Notes on the hymns of the Little Office of the Blessed Virgin Mary

We have previously outlined the great antiquity of the Little Office of the Blessed Virgin Mary. The hymns in the Little Office are no less ancient than the office itself. However, it may interest you, dear reader, to learn a little more about those hymns. As you no doubt know, the Little Office uses four hymns. At matins, Quem terra pontus sidera is sung; at lauds, O gloriosa virginum; and at vespers, the great Marian hymn Ave maris stella. At all the little hours and compline, Memento rerum conditor is sung. We shall see that these are all hymns of great antiquity, of Merovingian or Carolingian origin. However, we shall also see that these venerable hymns did not pass through Urban VIII’s reforms unharmed, despite the fact that the obligation to say the Little Office had been greatly reduced by St. Pius V. It is not our intention to present a complete history of the hymns of the Little Office; instead, we offer a few notes.

Matins: Quem terra pontus sidera and Lauds: O gloriosa virginum

Just as matins and lauds formed, traditionally, one office, so too do Quem terra pontus sidera and O gloriosa virginum form one hymn—a hymn of great antiquity. Walpole sets forth in his Early Latin Hymns, pp. 193–95, an argument for attributing this hymn, under its pre-Urban VIII incipit, Quem terra pontus aethera, to the great Merovingian poet, St. Venantius Fortunatus. It is Walpole’s argument that Quem terra pontus sidera, the Christmas hymn Agnoscat omne saeculum, and the long poem in elegiacs Walpole calls the Laus Mariae are all by one author. All three are very much in Venantius’s style, and this point Walpole finds conclusive, as he does not think it likely that anyone in the next couple of hundred years after Venantius’s death could have so ably imitated the master poet. There are, however, some metrical issues with both Agnoscat omne saeculum and Quem terra pontus sidera, but Walpole finds none of them dispositive. The bottom line is that the poems are “not unworthy” of Venantius, as Walpole puts it. If true, this means that Quem terra pontus aethera was composed no later than Venantius’s death at the very beginning of the seventh century, and it has remained in widespread use for over a thousand years.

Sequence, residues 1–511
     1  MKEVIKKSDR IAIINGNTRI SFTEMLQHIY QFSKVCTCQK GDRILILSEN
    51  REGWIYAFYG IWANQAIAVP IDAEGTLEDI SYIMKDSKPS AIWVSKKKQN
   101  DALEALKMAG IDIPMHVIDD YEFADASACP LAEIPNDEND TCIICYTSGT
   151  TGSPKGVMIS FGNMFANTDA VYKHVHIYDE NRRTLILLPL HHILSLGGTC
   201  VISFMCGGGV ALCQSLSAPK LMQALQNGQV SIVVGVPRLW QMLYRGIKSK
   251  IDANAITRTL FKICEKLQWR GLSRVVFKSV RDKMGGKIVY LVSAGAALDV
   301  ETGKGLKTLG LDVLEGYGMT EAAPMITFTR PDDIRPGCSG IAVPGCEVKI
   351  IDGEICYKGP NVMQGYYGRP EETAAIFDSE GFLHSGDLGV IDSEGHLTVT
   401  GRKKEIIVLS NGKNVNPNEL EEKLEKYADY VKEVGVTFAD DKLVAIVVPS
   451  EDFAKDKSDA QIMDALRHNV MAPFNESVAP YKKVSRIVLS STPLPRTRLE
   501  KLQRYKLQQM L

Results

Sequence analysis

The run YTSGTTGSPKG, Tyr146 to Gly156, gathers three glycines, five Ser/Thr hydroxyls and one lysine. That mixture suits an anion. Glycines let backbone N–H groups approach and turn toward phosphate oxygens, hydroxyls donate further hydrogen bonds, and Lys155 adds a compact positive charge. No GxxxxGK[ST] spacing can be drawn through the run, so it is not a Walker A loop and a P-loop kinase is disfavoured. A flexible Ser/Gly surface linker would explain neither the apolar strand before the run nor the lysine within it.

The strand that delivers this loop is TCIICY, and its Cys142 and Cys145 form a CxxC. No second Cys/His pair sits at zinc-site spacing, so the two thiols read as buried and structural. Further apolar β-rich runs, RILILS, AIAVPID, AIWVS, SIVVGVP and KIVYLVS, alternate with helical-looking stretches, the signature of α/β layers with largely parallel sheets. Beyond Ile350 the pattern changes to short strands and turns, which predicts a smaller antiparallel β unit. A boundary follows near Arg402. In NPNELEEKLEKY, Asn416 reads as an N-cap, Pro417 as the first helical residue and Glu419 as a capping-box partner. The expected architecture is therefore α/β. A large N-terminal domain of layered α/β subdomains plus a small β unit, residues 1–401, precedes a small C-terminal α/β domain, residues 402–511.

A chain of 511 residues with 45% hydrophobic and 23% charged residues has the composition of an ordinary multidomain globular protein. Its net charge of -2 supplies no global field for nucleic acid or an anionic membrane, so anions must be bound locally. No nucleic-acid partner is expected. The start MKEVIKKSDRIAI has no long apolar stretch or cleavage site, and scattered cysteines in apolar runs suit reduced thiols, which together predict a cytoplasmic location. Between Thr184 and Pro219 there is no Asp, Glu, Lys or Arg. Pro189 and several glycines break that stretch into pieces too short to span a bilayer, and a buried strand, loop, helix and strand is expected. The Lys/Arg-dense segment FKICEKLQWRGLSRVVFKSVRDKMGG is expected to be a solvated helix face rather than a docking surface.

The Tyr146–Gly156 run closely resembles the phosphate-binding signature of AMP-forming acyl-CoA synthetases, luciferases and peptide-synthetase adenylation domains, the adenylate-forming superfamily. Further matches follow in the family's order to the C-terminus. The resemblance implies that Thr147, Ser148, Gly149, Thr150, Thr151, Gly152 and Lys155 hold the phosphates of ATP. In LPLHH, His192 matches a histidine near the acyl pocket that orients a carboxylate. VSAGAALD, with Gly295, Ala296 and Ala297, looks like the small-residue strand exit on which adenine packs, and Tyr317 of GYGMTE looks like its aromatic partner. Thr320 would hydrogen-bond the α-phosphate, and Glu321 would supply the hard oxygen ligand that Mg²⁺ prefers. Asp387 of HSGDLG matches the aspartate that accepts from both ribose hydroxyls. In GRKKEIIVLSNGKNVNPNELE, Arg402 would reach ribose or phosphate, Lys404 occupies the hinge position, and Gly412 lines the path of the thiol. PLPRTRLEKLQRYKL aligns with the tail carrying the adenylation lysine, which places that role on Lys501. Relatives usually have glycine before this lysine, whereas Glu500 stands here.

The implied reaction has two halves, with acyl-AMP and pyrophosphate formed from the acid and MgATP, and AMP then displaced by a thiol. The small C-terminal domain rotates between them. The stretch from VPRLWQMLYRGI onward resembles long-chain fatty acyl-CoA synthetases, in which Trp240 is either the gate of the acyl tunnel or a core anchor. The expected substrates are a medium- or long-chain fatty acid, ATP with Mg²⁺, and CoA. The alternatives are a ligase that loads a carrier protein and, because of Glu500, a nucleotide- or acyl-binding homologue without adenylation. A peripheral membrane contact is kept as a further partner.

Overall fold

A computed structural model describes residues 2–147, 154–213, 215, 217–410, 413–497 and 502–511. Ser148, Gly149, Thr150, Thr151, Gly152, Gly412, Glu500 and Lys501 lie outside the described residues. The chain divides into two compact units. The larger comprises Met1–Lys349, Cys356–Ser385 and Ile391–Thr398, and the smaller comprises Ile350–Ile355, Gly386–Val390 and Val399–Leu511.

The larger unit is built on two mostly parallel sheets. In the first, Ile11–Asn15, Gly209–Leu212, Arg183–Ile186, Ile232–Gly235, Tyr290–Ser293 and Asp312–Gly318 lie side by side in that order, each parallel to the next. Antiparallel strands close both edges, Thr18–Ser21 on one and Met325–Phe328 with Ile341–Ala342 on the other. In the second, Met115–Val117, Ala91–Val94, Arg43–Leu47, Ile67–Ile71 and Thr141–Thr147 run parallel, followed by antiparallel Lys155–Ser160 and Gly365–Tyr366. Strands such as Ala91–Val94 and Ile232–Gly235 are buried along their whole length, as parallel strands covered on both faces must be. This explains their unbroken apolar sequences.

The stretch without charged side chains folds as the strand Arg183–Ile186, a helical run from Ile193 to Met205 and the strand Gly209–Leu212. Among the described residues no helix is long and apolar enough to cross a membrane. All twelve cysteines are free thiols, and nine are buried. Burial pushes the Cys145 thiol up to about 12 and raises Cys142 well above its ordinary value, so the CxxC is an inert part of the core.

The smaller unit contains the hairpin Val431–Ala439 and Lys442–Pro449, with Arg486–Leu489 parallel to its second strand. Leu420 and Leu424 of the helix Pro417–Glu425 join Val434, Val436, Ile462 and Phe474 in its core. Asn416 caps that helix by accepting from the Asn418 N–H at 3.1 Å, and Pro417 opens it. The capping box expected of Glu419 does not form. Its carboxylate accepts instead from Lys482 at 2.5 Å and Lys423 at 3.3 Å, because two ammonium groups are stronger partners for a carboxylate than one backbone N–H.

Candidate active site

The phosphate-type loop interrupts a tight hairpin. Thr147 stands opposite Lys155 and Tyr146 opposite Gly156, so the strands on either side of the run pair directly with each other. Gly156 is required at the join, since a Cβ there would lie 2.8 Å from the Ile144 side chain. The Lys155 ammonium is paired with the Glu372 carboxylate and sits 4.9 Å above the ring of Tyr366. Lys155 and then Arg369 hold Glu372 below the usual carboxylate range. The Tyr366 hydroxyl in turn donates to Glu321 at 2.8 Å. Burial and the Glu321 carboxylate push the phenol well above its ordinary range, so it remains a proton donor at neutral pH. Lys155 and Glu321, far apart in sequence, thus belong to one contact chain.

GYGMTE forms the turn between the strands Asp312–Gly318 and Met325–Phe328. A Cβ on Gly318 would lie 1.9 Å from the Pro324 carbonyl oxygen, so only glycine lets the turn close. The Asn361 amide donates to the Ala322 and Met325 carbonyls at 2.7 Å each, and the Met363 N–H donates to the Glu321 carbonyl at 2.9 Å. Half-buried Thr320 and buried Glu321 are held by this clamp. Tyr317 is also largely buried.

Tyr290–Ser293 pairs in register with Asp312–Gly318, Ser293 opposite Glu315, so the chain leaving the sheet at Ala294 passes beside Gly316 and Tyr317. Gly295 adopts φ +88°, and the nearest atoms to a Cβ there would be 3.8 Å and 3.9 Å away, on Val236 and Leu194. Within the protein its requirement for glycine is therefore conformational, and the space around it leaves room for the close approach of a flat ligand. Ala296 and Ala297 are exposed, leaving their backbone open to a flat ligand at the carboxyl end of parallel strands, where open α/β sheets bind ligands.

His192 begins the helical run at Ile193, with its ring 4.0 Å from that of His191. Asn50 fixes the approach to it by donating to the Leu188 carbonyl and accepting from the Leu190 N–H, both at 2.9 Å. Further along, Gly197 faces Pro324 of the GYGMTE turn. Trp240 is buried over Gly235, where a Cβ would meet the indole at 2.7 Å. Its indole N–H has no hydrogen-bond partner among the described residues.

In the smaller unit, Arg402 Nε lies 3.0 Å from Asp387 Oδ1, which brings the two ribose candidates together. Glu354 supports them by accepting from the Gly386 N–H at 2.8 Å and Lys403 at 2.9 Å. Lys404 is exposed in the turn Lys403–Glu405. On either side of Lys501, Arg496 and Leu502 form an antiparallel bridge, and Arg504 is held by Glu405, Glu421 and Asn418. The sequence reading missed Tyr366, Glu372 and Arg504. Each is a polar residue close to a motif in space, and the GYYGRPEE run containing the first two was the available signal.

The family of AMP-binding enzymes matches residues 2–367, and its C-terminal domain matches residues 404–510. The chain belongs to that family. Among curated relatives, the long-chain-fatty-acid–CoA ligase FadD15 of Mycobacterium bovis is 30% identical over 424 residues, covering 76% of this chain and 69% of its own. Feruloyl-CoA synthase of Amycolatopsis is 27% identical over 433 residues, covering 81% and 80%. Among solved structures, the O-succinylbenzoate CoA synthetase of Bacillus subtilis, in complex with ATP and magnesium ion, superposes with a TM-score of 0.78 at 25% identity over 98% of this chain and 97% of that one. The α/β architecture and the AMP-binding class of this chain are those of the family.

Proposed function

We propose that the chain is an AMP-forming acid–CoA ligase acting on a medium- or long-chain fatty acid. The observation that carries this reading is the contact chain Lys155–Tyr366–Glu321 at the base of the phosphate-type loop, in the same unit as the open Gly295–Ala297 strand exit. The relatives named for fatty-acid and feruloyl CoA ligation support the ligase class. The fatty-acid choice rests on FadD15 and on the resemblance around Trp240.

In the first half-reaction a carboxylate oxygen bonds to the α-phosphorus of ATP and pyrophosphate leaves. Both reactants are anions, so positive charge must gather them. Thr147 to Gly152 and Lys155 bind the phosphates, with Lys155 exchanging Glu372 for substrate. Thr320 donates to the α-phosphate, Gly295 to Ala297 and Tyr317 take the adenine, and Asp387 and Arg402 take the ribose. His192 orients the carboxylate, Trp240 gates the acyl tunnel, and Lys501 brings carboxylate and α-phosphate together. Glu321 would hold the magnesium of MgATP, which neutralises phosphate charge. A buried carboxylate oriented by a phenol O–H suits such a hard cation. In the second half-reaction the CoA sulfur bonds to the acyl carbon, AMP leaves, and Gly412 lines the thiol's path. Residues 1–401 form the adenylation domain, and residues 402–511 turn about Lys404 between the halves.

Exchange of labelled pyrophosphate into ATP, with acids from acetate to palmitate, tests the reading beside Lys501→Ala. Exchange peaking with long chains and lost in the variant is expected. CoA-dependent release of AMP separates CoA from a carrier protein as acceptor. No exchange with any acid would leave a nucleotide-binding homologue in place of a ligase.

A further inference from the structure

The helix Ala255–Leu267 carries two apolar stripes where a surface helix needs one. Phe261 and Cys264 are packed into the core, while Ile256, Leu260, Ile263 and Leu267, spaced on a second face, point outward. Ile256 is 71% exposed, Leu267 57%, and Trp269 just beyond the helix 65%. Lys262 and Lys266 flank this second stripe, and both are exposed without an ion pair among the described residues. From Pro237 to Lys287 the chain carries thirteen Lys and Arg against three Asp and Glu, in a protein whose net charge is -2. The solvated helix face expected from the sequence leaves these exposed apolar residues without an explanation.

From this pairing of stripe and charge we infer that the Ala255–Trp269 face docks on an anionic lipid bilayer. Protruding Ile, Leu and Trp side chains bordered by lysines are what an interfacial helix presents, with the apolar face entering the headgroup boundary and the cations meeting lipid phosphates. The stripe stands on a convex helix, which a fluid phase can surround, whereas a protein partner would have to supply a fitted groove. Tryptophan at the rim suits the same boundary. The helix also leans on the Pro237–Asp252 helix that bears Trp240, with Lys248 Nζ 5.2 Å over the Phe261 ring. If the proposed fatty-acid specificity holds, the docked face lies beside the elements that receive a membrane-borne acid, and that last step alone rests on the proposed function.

Of course, the fact that Quem terra pontus aethera was a composition of Venantius, close to the heart of every Catholic in Europe for six hundred years, did not spare it from the revisions initiated by Pope Urban VIII in 1629 or so. (This was part of a broader project of revision initiated by Urban.) As you, dear reader, no doubt recall, Urban was a man of tremendous erudition and good taste, and he wished to correct the prosody of those good old Merovingian and Carolingian hymns. It seemed, we suppose, to him that the hymns of the Breviary were deficient insofar as they were not written by Horace. Unfortunately, Urban’s assistants—the Jesuits Strada, Gallucci, Sarbiewski, and Petrucci—went a little too far, and frankly mangled some of the most beloved hymns in Christendom. All told, they made about a thousand changes to the Breviary. Quem terra pontus aethera came through it all right, with aethera being replaced with sidera. Unfortunately, O gloriosa femina didn’t fare so well. The first stanza is almost unrecognizable in Urban’s text. They tinkered somewhat less with the second stanza, and almost not at all with the third.

It is too bad, too, as O gloriosa femina (O gloriosa domina is a known variant, per Walpole, attested by several sources) was a favorite hymn of St. Anthony of Padua, who learned it as a child from his mother. He died with it on his lips. One imagines that that saint was by no means alone in his devotion to the hymn. And, of course, if we say Venantius Fortunatus wrote it, we find ourselves with Quem terra pontus aethera being an expression of Marian devotion by the greatest Christian poet of his age. Either way, one may say both that Quem terra pontus aethera should have been spared the attentions of Urban’s Jesuits and that it is a preeminent example of their handiwork.